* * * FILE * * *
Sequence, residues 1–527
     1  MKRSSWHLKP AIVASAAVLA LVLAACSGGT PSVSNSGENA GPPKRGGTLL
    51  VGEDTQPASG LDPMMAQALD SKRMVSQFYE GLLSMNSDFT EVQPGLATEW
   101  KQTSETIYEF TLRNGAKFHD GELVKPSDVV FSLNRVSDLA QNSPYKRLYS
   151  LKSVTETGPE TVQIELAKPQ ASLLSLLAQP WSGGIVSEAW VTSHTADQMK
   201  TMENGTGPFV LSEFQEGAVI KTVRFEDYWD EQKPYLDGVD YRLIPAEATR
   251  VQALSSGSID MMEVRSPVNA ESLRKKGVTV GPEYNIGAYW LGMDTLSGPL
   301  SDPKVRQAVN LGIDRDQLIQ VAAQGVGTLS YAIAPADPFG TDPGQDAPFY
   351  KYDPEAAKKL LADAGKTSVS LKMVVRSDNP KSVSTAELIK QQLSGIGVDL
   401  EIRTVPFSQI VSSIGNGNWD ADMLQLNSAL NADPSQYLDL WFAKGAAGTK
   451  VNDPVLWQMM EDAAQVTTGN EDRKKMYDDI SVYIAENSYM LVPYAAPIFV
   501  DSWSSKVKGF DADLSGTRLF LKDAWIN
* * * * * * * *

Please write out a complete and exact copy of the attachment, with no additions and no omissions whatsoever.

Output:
Sequence, residues 1–527
     1  MKRSSWHLKP AIVASAAVLA LVLAACSGGT PSVSNSGENA GPPKRGGTLL
    51  VGEDTQPASG LDPMMAQALD SKRMVSQFYE GLLSMNSDFT EVQPGLATEW
   101  KQTSETIYEF TLRNGAKFHD GELVKPSDVV FSLNRVSDLA QNSPYKRLYS
   151  LKSVTETGPE TVQIELAKPQ ASLLSLLAQP WSGGIVSEAW VTSHTADQMK
   201  TMENGTGPFV LSEFQEGAVI KTVRFEDYWD EQKPYLDGVD YRLIPAEATR
   251  VQALSSGSID MMEVRSPVNA ESLRKKGVTV GPEYNIGAYW LGMDTLSGPL
   301  SDPKVRQAVN LGIDRDQLIQ VAAQGVGTLS YAIAPADPFG TDPGQDAPFY
   351  KYDPEAAKKL LADAGKTSVS LKMVVRSDNP KSVSTAELIK QQLSGIGVDL
   401  EIRTVPFSQI VSSIGNGNWD ADMLQLNSAL NADPSQYLDL WFAKGAAGTK
   451  VNDPVLWQMM EDAAQVTTGN EDRKKMYDDI SVYIAENSYM LVPYAAPIFV
   501  DSWSSKVKGF DADLSGTRLF LKDAWIN